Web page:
Let’s come back to something very basic to our pursuit of God and the transformation he is always after in our lives—everything we do has a reason behind it, a motive.
Within the Christian community we tend to focus on behavior, and that is right and that is wrong. Of course what we do matters. It matters how you treat people. It matters whether you lie or steal or commit adultery. Our actions have enormous consequences to them. However, according to Jesus, holiness is a matter of the heart. This is the gist of his famous Sermon on the Mount. Jesus asks, “Why do you pray—to be seen as holy? Why do you give—to be seen as generous? Why do you fast—to impress others?”
“Be careful not to do your ‘acts of righteousness’ before men, to be seen by them. If you do, you will have no reward from your Father in heaven. So when you give to the needy, do not announce it with trumpets, as the hypocrites do. ... “And when you pray, do not be like the hypocrites, for they love to pray standing in the synagogues and on the street corners to be seen by men. ...“When you fast, do not look somber as the hypocrites do, for they disfigure their faces to show men they are fasting. I tell you the truth, they have received their reward in full. But when you fast, put oil on your head and wash your face, so that it will not be obvious to men that you are fasting, but only to your Father, who is unseen; and your Father, who sees what is done in secret, will reward you.” (Matthew 6:1–2, 5, 16–18)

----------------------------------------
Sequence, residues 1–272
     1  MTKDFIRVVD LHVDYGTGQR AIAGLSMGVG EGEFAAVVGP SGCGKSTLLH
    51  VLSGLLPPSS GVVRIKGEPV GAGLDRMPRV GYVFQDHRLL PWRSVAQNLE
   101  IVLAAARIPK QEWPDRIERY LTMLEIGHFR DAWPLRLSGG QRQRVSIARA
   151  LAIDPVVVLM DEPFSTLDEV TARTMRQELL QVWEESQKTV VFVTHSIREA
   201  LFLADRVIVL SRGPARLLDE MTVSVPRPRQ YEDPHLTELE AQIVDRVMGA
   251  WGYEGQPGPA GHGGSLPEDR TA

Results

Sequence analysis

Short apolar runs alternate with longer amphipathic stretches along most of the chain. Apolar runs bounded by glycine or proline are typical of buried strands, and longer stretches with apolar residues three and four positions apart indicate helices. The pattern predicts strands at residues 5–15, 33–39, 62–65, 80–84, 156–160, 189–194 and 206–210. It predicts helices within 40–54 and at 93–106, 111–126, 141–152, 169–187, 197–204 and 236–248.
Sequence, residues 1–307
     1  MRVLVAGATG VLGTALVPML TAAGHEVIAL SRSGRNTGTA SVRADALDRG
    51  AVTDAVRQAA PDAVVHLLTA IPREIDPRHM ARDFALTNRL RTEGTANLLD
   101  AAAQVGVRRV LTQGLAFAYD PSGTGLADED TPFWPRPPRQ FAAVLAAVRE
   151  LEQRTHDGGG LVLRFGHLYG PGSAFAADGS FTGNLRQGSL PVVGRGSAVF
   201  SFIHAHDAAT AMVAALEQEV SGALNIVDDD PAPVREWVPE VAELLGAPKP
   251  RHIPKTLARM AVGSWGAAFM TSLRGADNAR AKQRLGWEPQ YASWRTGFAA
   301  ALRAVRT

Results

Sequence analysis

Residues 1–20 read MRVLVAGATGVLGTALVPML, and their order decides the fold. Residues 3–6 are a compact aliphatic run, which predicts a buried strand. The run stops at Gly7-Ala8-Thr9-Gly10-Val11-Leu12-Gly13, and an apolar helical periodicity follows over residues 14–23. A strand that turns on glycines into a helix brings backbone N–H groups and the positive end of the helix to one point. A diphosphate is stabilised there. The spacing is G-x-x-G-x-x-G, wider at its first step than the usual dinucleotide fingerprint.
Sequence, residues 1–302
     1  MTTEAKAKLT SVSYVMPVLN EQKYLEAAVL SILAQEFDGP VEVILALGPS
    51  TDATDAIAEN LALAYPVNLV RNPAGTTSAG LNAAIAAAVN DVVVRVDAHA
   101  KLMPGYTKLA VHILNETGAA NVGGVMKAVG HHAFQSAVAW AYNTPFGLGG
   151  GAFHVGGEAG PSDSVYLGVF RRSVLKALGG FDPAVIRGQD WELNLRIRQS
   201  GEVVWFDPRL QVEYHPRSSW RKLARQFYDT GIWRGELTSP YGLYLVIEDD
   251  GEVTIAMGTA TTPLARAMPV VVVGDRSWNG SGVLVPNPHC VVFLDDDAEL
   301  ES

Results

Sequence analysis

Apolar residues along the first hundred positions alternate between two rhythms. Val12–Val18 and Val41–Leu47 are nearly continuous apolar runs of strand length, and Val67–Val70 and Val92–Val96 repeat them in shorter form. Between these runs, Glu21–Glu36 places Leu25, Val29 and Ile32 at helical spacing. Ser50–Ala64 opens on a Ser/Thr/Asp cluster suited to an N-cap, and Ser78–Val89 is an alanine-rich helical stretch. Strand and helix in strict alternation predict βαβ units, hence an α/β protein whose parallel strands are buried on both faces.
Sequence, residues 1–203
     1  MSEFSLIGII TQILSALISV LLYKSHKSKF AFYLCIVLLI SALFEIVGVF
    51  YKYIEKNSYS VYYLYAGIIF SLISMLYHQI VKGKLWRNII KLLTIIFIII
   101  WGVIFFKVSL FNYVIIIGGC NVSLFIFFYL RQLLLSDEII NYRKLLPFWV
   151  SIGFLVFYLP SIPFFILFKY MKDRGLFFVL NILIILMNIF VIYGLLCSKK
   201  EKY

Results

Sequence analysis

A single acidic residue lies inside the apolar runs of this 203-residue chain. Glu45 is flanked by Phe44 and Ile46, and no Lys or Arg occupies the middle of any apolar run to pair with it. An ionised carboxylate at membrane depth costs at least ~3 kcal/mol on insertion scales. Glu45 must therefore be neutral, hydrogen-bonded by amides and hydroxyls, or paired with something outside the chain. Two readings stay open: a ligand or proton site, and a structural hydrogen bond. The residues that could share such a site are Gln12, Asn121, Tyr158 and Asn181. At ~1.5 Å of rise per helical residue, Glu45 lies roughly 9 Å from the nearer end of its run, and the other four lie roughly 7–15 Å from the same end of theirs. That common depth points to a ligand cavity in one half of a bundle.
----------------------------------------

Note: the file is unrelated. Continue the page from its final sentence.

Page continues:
Jesus is moving the whole question of genuine goodness from the external to the internal. He is taking us back to motive. If we will follow him in this, it will open up fields of goodness for us.